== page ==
"Liotard, Jean Etienne". Encyclopædia Britannica. 16. Cambridge University Press. P. 739. Short biography 74 works by Liotard at the Musées d'Art et d'Histoire, Geneva Some paintings of Liotard in the Amsterdam Rijksmuseum Liotard on a Danish website Liotard in the Metropolitan Museum of Art Neil Jeffares, Dictionary of pastellists before 1800, online edition Liotard paintings at The J. Paul Getty Museum
Stannards is a hamlet located in the towns of Willing and Wellsville in Allegany County, New York, United States. The population was 798 at the 2010 census; the hamlet is named after early resident John Stannard. The hamlet was called "Stannards Corners." John Stannard built the first hotel in this community. The hotel was owned by Clark Hayes, whose son, film star George "Gabby" Hayes was born in it. Stannards is located on the boundary between the towns of Wellsville, its center is located at 42°5′0″N 77°55′21″W. According to the United States Census Bureau, the CDP has a total area of 2.80 square miles, all land. The Genesee River flows northward through the town. North of the hamlet, Chenunda Creek joins the river from the east; the hamlet is located on New York Routes 19, a major north–south trunk road, 248, a local east–west trunk road. As of the census of 2000, there were 868 people, 375 households, 260 families residing in the community; the population density was 305.1 per square mile. There were 436 housing units at an average density of 153.3/sq mi.
The racial makeup of the CDP was 98.50% White, 0.35% Native American, 0.35% Asian, 0.23% from other races, 0.58% from two or more races. Hispanic or Latino of any race were 0.46% of the population. There were 375 households out of which 27.5% had children under the age of 18 living with them, 51.7% were married couples living together, 11.7% had a female householder with no husband present, 30.4% were non-families. 26.7% of all households were made up of individuals and 12.0% had someone living alone, 65 years of age or older. The average household size was 2.31 and the average family size was 2.72. In the hamlet the population was spread out with 23.2% under the age of 18, 8.4% from 18 to 24, 22.2% from 25 to 44, 29.4% from 45 to 64, 16.8% who were 65 years of age or older. The median age was 42 years. For every 100 females, there were 100.0 males. For every 100 females age 18 and over, there were 97.9 males. The median income for a household in the hamlet was $37,344, the median income for a family was $46,136.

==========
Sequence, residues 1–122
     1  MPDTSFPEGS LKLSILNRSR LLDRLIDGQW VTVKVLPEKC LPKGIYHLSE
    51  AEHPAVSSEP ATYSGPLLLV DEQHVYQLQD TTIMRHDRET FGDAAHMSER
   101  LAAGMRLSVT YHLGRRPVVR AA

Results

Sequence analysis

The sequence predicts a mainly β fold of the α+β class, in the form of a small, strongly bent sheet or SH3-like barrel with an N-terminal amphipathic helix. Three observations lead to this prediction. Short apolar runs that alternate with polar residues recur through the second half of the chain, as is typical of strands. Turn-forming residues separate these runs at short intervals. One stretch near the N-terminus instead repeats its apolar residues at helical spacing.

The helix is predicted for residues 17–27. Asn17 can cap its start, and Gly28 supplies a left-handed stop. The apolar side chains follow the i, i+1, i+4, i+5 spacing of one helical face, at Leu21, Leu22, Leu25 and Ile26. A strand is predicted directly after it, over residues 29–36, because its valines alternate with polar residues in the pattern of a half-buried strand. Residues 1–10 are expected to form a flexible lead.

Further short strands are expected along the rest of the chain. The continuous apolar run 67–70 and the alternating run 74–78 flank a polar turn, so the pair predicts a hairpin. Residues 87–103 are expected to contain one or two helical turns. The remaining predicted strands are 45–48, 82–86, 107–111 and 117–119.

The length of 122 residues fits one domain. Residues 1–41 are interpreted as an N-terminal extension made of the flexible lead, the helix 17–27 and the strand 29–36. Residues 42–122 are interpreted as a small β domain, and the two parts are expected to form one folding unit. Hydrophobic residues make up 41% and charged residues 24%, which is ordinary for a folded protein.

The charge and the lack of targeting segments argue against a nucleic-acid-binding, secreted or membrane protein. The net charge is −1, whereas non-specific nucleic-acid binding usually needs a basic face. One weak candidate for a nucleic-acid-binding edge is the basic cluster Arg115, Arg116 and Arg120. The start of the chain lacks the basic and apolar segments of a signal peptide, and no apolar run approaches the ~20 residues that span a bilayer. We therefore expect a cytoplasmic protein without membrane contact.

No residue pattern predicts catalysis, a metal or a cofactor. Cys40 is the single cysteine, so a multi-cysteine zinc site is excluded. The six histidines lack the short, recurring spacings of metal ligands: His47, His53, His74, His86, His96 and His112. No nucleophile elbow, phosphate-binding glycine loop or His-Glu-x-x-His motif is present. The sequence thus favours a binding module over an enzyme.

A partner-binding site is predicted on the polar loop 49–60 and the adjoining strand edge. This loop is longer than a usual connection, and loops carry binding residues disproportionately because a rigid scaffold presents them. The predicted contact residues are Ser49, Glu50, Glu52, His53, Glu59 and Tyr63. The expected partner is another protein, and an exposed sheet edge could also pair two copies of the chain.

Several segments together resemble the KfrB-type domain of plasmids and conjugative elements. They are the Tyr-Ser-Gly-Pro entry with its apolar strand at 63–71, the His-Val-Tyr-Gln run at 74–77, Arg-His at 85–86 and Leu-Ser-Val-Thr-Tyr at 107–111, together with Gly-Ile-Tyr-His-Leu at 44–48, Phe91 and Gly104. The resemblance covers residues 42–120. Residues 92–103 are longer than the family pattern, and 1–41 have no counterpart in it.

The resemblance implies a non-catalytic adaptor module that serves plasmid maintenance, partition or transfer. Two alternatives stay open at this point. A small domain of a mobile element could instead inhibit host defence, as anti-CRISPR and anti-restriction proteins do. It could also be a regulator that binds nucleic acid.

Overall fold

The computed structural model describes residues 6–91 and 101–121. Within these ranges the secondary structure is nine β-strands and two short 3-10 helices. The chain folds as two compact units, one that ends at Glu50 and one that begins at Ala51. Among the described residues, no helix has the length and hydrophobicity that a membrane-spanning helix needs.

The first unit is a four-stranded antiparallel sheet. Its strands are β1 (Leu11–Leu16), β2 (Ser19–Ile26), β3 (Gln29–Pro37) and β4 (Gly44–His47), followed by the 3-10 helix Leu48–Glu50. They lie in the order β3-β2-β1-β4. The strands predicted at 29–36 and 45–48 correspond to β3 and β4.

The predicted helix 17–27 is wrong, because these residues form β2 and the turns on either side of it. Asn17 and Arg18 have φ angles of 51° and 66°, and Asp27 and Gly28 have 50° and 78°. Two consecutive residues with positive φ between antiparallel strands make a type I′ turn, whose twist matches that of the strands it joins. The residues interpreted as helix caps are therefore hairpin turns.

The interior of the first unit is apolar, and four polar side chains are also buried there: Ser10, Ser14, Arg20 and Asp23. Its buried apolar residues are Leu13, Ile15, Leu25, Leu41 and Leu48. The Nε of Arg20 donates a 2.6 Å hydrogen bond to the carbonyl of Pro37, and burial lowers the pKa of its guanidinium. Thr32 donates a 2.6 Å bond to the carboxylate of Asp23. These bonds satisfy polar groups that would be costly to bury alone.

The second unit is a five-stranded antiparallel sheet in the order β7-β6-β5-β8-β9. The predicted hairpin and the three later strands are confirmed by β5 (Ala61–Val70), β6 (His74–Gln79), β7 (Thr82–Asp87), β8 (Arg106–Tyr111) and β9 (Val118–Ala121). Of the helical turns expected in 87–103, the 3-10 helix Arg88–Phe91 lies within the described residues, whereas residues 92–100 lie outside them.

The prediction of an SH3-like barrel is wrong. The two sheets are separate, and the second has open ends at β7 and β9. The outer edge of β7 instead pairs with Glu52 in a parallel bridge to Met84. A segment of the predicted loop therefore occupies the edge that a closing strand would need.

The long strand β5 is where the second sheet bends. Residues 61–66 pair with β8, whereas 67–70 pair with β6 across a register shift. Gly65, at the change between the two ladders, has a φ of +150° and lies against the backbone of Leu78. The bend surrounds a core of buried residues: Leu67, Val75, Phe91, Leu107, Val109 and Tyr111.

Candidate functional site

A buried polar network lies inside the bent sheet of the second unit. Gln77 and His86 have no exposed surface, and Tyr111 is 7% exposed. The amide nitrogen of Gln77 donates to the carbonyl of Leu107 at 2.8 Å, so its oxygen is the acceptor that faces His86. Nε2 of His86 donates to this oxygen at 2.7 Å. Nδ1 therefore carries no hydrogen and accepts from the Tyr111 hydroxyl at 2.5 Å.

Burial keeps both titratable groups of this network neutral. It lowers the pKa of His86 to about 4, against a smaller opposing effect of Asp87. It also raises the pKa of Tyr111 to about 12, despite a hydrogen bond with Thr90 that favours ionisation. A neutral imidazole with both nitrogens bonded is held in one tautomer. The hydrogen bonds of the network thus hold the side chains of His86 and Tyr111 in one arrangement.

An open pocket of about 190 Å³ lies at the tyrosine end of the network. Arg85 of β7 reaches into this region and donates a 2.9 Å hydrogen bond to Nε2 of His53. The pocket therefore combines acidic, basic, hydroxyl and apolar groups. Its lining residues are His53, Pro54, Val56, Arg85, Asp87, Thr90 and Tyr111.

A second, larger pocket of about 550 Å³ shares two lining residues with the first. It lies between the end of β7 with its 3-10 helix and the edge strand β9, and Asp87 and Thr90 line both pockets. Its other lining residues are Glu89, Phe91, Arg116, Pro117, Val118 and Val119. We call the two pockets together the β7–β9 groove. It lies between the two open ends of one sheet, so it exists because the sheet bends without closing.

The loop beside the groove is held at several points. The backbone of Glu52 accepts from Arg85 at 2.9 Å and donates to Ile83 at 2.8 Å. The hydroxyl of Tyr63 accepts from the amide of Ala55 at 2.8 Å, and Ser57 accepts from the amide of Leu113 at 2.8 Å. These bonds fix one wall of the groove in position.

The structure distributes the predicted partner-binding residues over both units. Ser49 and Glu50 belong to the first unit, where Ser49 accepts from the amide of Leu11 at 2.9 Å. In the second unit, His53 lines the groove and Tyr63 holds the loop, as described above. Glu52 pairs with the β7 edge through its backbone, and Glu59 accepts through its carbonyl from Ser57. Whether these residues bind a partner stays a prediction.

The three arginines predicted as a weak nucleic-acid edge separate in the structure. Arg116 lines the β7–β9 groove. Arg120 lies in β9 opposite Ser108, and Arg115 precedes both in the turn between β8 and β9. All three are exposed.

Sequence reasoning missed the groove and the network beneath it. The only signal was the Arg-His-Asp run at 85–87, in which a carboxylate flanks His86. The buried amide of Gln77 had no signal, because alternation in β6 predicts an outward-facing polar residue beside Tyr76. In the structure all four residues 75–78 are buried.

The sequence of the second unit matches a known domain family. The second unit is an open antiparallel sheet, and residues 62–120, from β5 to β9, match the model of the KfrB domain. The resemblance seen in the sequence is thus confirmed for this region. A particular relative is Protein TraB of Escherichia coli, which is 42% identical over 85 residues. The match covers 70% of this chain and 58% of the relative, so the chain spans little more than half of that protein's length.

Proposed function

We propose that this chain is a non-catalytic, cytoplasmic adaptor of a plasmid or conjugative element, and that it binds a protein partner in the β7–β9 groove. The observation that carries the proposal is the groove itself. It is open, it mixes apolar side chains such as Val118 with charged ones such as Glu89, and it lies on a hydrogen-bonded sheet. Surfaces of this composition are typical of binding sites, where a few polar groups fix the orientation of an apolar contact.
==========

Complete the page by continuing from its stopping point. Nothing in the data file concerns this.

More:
Males had a median income of $41,000 versus $20,865 for females. The per capita income for the area was $18,575. About 5.4% of families and 10.7% of the population were below the poverty line, including 9.2% of those under age 18 and 4.3% of those age 65 or over. Gabby Hayes, American radio and television actor
Aksi is an Estonian island in the Gulf of Finland with an area of 59 hectares. Coordinates are 59°35′59″N 25°05′23″E It forms an archipelago with nearby islands of Prangli and Keri. Aksi belongs to Idaotsa village in Harju County. Aksi is a part of the Prangli landscape protection area; the island's northern end is stony, its southern end is covered with junipers and birches. Aksi was inhabited from 1790 to 1953, when the last inhabitants were forced to leave by the Soviet border guard. Many had fled in 1944 to Sweden; the family that lived there was Aksberg. There is a lighthouse, built in 1986. Aksi lighthouse - Official statistics and info from Estonian Maritime Administration List of islands of Estonia